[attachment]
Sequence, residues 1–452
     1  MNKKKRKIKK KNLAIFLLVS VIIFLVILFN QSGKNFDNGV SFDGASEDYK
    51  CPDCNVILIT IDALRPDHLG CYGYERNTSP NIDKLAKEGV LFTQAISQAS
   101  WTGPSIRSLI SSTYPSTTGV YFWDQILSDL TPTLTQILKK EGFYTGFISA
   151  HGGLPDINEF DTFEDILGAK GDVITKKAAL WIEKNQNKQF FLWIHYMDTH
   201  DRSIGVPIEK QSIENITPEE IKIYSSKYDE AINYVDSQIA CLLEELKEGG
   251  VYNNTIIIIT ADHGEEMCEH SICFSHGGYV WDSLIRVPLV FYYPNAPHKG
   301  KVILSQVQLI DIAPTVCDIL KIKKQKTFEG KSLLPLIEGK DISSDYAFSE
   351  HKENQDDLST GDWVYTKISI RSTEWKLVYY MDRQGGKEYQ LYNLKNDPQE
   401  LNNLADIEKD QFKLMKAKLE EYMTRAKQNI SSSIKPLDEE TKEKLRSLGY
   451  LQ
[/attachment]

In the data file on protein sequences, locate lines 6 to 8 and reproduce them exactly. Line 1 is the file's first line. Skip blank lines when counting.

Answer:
   201  DRSIGVPIEK QSIENITPEE IKIYSSKYDE AINYVDSQIA CLLEELKEGG
   251  VYNNTIIIIT ADHGEEMCEH SICFSHGGYV WDSLIRVPLV FYYPNAPHKG
   301  KVILSQVQLI DIAPTVCDIL KIKKQKTFEG KSLLPLIEGK DISSDYAFSE